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Title: Discovery of Permian–Triassic eclogite in northern Tibet establishes coeval subduction erosion along an ~3000-km-long arc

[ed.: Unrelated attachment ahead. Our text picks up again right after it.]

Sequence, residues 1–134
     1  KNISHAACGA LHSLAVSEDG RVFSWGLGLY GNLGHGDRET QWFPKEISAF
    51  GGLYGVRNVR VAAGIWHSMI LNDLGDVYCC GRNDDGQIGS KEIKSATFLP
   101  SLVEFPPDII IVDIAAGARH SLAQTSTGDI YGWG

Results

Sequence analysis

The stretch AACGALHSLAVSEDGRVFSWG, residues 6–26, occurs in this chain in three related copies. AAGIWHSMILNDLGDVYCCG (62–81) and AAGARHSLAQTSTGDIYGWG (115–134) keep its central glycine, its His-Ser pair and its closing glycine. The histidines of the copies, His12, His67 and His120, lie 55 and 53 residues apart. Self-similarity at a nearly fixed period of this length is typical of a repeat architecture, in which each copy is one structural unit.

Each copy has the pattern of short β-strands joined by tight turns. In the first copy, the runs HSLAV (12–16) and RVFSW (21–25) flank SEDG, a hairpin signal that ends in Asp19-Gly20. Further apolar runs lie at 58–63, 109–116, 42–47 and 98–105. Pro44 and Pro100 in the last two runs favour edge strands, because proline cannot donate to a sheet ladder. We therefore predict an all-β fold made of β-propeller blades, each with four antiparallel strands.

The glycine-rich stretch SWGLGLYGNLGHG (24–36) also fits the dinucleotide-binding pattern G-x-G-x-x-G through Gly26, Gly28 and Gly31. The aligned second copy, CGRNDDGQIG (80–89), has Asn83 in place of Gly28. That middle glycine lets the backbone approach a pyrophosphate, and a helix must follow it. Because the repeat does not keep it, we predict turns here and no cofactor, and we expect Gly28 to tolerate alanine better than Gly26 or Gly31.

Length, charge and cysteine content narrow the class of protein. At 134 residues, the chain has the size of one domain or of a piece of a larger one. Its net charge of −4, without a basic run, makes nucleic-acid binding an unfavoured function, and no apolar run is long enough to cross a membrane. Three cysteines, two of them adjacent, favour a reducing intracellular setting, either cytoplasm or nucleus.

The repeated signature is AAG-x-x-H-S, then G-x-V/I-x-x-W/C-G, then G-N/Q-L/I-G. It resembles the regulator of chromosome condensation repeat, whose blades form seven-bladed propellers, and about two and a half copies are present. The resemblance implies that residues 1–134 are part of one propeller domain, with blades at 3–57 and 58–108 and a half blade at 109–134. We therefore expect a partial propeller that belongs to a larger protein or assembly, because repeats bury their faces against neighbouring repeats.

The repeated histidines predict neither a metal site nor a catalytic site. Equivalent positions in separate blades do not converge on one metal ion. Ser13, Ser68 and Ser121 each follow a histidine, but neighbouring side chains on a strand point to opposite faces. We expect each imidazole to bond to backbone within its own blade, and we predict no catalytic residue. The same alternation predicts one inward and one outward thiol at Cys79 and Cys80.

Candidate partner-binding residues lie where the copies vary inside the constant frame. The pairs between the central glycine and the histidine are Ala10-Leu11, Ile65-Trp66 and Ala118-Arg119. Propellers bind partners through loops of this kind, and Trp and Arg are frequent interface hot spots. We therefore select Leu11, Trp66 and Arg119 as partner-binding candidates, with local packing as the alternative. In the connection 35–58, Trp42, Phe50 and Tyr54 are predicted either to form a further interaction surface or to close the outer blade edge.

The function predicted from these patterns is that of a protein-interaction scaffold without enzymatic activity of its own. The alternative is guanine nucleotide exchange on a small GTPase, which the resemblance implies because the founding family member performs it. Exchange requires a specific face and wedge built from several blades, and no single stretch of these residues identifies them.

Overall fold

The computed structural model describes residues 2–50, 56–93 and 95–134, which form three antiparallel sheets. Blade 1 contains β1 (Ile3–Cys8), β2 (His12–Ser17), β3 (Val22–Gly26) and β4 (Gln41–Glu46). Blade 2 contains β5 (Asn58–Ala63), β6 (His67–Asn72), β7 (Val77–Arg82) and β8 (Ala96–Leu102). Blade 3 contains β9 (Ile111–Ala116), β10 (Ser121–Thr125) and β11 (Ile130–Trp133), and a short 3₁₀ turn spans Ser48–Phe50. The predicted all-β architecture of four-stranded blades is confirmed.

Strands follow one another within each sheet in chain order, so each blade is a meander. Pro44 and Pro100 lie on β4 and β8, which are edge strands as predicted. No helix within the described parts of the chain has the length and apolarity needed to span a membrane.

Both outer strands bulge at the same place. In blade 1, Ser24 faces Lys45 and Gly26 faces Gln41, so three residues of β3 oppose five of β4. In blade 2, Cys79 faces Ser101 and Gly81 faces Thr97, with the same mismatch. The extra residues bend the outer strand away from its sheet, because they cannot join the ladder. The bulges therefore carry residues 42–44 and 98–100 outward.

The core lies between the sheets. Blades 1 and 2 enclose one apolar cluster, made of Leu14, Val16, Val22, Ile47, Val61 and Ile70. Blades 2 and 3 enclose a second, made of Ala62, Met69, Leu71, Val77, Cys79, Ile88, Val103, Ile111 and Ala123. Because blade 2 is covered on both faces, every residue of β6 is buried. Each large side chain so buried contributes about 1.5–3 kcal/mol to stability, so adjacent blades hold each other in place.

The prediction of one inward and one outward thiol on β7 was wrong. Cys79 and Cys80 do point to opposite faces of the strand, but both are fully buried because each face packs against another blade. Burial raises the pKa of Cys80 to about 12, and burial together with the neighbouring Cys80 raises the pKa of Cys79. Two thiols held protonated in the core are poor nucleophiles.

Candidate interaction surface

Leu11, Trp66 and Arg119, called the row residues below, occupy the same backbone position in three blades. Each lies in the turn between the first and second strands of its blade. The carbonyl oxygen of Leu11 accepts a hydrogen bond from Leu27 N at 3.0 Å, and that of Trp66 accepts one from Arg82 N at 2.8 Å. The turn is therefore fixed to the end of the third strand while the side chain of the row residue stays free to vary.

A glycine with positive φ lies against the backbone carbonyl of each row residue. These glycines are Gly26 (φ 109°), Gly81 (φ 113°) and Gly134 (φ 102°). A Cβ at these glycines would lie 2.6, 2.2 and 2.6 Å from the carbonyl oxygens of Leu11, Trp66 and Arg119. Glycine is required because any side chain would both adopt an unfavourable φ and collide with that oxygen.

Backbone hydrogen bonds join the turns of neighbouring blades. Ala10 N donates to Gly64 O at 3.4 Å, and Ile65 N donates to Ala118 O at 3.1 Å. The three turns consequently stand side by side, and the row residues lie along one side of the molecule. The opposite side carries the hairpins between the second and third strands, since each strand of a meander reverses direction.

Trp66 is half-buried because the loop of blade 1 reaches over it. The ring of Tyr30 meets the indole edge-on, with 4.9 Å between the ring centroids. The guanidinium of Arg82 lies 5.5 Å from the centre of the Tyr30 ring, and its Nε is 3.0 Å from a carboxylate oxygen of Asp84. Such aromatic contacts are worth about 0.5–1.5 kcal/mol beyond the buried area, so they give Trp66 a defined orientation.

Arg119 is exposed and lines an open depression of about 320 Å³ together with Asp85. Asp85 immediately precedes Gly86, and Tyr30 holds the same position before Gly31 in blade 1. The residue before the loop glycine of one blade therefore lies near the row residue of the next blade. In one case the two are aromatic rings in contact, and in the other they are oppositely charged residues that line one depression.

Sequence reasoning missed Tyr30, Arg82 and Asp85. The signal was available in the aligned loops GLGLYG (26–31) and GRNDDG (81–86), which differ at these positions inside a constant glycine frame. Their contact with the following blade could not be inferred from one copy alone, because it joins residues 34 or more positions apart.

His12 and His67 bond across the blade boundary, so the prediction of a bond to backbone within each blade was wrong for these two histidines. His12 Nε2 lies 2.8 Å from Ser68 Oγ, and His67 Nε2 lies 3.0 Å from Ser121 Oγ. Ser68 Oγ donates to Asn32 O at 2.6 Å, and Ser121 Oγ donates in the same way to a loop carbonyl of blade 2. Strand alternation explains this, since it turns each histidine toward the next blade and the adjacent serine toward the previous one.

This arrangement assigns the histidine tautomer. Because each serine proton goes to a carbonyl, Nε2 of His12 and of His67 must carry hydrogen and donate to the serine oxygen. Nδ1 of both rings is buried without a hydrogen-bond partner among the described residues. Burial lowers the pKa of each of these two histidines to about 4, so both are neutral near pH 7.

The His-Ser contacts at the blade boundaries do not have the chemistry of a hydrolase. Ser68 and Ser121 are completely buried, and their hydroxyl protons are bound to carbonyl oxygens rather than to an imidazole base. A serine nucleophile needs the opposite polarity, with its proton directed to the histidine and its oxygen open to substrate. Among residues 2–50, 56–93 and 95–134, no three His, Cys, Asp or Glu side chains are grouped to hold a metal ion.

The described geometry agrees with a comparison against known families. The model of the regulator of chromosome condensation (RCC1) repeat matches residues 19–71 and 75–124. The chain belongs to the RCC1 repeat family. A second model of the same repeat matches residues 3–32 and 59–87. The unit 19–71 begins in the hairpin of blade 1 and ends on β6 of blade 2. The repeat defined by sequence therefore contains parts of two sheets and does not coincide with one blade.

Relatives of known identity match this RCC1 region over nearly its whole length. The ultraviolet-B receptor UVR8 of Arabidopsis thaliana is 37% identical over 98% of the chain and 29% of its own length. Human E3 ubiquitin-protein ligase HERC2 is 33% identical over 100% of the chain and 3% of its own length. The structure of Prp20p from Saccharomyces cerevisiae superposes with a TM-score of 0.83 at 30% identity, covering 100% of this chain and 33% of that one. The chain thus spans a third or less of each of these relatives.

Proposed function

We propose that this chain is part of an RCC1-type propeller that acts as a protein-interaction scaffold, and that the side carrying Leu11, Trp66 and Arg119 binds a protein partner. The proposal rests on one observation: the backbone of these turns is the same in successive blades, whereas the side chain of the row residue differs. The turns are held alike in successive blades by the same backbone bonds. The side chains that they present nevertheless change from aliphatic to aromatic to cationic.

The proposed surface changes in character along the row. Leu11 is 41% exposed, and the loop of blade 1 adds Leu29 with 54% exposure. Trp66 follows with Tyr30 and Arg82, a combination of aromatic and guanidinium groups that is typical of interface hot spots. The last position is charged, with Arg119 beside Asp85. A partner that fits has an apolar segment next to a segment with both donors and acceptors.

Eclogite bodies exposed across Tibet record a history of subduction-collision events that preceded growth of the Tibetan Plateau. Deciphering the time-space patterns of eclogite generation improves our knowledge of the preconditions for Cenozoic orogeny in Tibet and broader eclogite formation and/or exhumation processes. Here we report the discovery of Permo-Triassic eclogite in northern Tibet. U-Pb zircon dating and thermobarometry suggest eclogite-facies metamorphism at ca. 262–240 Ma at peak pressures of ∼2.5 GPa. Inherited zircons and geochemistry show the eclogite was derived from an upper-plate continental protolith, which must have experienced subduction erosion to transport the protolith mafic bodies to eclogite-forming conditions. The Dabie eclogites to the east experienced a similar history, and we interpret that these two coeval eclogite exposures formed by subduction erosion of the upper plate and deep trench burial along the same ∼3000-km-long north-dipping Permo-Triassic subduction complex. We interpret the synchroneity of eclogitization along the strike length of the subduction zone to have been driven by accelerated plate convergence due to ca. 260 Ma Emeishan plume impingement.  more » « less
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